The cost-benefit analysis is quite clear. Dr. Bolan estimates that without action, the incidence of gonorrhea could increase four-fold over the next seven year to 2.4 million new cases per year. This would likely result in 775 new case of HIV (because an active gonorrhea infection makes transmission of HIV easier) which would cost an additional $180 million dollars; 255,000 additional cases of Pelvic Inflammatory Disease in women which would cost $585 million dollars and lead to 51,000 cases of infertility; and 50,000 cases of epididymitis (inflammation of the epididymis, a tube inside the testicles) which would cost $15 million dollars. The populations that would be most affected are blacks and men who have sex with men because these communities already have the highest rates of HIV and gonorrhea.
Still, in today’s environment in which the government is pushing for austerity even in the face of facts like these it’s hard to get more money. In fact, federal STD prevention funding has been cut by 5.8 million dollars from 159.6 million dollars in Fiscal Year 2005 to 153.8 million dollars in Fiscal Year 2012. In addition, 69 percent of states have cut funding to their STD programs since 2008. Smith argues:
“Given everything that we now know and the looming public health disaster, now is no time to be looking at cutting budgets on the federal, state, and local level for STD screening and treatment.”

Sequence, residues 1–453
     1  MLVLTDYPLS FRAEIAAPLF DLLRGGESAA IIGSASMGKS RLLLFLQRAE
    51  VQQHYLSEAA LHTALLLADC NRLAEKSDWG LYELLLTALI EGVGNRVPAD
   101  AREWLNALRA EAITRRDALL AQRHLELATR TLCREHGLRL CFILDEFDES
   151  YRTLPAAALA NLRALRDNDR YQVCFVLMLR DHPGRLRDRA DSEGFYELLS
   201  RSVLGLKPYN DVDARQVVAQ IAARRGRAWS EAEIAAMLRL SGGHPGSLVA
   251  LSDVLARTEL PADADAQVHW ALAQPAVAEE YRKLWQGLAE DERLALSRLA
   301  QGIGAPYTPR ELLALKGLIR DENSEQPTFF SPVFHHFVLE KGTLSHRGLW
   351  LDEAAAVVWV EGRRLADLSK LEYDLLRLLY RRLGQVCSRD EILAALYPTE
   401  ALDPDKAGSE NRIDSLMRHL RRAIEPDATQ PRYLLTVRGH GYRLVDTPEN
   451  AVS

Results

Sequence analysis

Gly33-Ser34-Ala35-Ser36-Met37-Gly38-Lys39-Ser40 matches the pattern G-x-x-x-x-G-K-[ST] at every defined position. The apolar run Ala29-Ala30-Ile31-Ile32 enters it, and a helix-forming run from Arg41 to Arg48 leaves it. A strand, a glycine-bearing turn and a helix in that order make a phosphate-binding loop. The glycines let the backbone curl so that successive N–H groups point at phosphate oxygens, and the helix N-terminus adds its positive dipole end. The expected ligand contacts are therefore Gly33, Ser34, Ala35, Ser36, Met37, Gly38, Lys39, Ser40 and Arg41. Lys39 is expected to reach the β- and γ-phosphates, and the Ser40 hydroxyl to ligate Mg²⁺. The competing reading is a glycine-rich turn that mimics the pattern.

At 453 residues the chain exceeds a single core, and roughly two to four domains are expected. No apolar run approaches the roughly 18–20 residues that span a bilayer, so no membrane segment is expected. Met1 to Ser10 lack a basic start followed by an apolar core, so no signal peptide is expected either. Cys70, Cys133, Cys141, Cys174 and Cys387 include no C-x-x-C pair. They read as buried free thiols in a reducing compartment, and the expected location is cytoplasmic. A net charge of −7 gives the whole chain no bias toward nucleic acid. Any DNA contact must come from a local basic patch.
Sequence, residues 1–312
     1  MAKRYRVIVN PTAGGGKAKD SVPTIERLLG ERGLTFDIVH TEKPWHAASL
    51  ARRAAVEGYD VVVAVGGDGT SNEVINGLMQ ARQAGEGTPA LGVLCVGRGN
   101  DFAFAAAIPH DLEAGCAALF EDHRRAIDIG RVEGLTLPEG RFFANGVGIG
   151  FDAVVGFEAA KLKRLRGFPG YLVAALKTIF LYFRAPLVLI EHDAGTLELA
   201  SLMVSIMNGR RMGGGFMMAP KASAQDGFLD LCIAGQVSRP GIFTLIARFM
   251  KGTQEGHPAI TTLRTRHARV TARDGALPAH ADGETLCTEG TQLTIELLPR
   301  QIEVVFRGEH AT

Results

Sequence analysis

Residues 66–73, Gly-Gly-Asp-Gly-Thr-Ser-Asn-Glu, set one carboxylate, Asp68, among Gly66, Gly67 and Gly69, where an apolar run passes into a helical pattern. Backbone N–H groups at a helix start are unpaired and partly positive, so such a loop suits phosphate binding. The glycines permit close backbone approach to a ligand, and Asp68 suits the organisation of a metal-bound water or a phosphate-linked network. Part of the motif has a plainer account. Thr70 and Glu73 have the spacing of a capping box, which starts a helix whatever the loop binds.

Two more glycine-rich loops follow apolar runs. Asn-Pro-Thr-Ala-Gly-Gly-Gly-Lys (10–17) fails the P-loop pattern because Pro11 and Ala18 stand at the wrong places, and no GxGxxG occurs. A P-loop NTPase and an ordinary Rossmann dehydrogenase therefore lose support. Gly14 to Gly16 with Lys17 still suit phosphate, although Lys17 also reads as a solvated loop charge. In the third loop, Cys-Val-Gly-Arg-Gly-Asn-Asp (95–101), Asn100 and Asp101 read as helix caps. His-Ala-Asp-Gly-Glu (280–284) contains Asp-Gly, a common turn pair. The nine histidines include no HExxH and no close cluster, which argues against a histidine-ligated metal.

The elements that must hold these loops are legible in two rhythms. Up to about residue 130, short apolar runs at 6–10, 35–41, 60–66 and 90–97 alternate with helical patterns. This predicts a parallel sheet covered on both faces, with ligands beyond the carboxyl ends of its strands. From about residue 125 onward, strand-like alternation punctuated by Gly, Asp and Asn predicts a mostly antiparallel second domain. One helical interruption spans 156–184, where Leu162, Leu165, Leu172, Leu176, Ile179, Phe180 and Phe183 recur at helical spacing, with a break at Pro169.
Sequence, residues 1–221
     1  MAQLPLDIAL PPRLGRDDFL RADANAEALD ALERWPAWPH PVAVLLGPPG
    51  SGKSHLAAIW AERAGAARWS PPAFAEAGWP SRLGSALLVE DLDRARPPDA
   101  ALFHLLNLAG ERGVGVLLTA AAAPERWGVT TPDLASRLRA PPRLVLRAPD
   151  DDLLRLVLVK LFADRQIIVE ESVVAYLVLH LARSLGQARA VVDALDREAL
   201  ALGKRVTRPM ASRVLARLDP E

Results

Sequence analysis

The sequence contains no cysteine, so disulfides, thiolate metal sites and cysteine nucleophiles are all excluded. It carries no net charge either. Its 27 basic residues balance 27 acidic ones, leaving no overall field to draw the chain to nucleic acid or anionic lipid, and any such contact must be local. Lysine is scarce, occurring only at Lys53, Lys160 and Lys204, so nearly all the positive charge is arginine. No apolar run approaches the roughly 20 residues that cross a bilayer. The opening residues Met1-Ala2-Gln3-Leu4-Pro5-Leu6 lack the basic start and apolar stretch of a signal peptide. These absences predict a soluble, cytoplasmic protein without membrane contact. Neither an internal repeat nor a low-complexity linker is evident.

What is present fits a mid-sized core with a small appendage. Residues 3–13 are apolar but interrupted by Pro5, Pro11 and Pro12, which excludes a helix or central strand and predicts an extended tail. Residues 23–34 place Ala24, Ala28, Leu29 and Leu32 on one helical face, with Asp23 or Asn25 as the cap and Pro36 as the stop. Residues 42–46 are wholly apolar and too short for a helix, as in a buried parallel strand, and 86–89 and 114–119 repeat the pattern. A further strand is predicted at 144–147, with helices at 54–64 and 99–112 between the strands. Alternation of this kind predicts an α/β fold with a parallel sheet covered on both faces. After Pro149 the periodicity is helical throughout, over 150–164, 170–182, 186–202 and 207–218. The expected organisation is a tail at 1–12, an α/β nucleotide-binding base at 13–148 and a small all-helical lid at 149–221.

Where’s the Public Outcry?
Every other day, my local news seems to warn me that germs are lurking everywhere—“the 10 germs in your car that make you sick, more at eleven.” I remember a few years ago when the Today Show did a week long expose using an ultraviolet light and cultures to determine what germs were lurking in hotel rooms, shopping carts, and diaper bags. Apparently, germs are everywhere and they can lead to respiratory issues and stomach aches. Uh oh. Despite this fascination with germs, I have yet to hear the mainstream media take up the rallying cry of drug-resistant gonorrhea. If this were strep throat or one of the dozen other childhood bacteria that I have run to Walgreens to cure in my own children, we might have the kind of public outcry we did over Bird Flu or Swine Flu but this has been somewhat quiet.